Tourists wearing rental hanbok are seen at the Joseon period royal palace Gyeongbokgung, Jongno-gu, Seoul. (123rf)
A serene, hundreds-year-old royal palace surrounded by a wall of shiny skyscrapers is one of the most iconic images of Seoul.
On any given day, these palaces are visited by throngs of tourists -- both foreigners and locals -- dressed in hanbok, the traditional Korean attire, thanks largely to nearby rental shops offering the costume at only about 30,000 won ($23) for a full day on average.
But not all are happy with the craze for rental hanbok.
The issue is the design. Purists frown on rental costumes’ exaggerated aesthetics and the omission of key traditional elements.
But others say they are OK with the modifications, as they seem to be adding to the popularity of hanbok. They say contemporary Koreans have lost touch with hanbok, especially in their original form, as they are only worn on special occasions such as weddings.
A compilation of images shows unconventional design elements shown on rental hanbok on display at shops near Gyeongbokgung, Jongno-gu, Seoul. (Lee Jung-youn/The Korea Herald)
Costumes at rental shops are different from authentic hanbok. They are also notably different from modern, simplified hanbok, known as gyeryang hanbok.
A typical rental hanbok dress boasts pastel or vivid colors with extravagant ornaments to make it more photogenic. On top of the use of ribbon, lace and glitter, these dresses are worn with oversized petticoats to make the skirts fuller, contrasting with the free-flowing silhouette created by an authentic hanbok.
A rental shop owner near a hanok village in Jeonju, North Jeolla Province, admitted rental hanbok were heavily modified but defended them as necessary.
While a perfectly-recreated hanbok dress would feature a billowing, lengthy wrap skirt cinched tightly around the chest with a short jacket and layers of undergarments, contemporary design allows for a more comfortable fit, they say.
“Our products are all handmade, but in terms of design, we have to adopt colorful, fancy styles so that young tourists want to wear them and take selfies in them. They’re different from traditional ones but are easier to wear, manage and profit from,” said the shop owner, who wished to be identified by the surname Kim.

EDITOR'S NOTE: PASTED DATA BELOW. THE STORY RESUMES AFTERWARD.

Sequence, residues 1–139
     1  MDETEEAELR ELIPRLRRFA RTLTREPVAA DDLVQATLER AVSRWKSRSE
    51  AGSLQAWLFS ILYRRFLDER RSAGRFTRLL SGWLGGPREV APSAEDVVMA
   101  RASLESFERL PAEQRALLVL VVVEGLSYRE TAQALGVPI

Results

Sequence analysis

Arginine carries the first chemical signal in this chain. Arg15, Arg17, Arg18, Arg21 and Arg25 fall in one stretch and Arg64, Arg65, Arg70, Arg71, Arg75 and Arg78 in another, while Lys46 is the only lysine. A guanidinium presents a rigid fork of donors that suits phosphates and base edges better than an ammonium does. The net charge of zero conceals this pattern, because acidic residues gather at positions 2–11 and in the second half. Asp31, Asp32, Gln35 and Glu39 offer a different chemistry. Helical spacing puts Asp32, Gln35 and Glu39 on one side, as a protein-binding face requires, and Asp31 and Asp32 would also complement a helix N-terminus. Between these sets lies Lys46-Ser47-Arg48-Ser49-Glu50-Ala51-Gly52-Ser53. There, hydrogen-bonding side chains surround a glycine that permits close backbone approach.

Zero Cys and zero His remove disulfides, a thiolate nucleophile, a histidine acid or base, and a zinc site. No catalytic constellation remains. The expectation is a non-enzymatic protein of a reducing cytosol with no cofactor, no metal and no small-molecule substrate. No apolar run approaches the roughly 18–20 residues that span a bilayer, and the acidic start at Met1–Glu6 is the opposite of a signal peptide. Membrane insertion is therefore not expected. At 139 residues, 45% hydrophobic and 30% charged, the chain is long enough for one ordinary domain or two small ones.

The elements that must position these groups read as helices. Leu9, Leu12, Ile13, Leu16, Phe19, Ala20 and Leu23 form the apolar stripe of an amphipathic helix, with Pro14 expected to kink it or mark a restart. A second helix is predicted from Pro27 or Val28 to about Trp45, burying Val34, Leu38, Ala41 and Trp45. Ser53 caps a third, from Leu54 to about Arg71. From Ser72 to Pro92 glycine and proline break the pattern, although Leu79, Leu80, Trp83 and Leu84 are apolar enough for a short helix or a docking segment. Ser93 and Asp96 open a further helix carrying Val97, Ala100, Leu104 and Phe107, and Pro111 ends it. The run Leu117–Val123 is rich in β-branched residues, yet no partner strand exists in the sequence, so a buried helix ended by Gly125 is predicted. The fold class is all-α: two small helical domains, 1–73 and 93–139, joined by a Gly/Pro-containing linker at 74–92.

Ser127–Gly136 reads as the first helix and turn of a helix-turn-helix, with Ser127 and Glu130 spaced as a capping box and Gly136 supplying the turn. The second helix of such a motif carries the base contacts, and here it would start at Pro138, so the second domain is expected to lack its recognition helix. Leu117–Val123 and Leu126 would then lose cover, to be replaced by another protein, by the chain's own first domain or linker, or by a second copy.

Shin Yoon-ji, a 23-year-old customer, said she has no issue with the way rental hanbok look.
“If people are satisfied with them, it’s fine. But I personally don’t find excessively altered hanbok attractive,” she said.
A tourist surnamed Kim disagreed. Rental hanbok gives the wrong impression to foreign visitors, and that could be a problem, she said.
A 26-year-old college student surnamed Song likened rental hanbok to “fusion Korean food,” which has been altered to make it more accessible to those who are not familiar with the authentic version.
“But I do think rental hanbok should be distinguished from traditional hanbok,” Song added.
Hanbok designer Park Sul-nyeo (left photo) and works of contemporary hanbok designer Moonaq (right) (Park Sul-nyeo Hanbok / Moonaq
Experts, too, have mixed feelings about the popularity of rental hanbok. Some called for action to be taken to preserve traditional hanbok.
Kwon Hye-jin, CEO of hanbok brand Hyeon, called rental hanbok a “mutation” but acknowledged its contribution to reviving hanbok culture.
Younger generations’ lack of exposure to traditional hanbok is the root cause of the problem behind the mutated designs, she said. “Rather than blaming rental hanbok shops, we need to contrive new methods to narrow the gap between traditional hanbok and a popular taste,” Kwon added.
Hanbok designer Moonaq agrees with both sides of the rental hanbok debate and called for more support and effort – some from the government -- to popularize high-quality, modernized hanbok.
Park Sul-nyeo, a designer who had dedicated 44 years to hanbok, said, “I painfully came to admit that rental hanbok is also a trend, but even with that, we have to secure the fundamental components of hanbok at the very least. I’m not saying we should wear a museum-artifact-level hanbok, but I just want hanbok to be like hanbok.”
By Lee Jung-Youn (firstname.lastname@example.org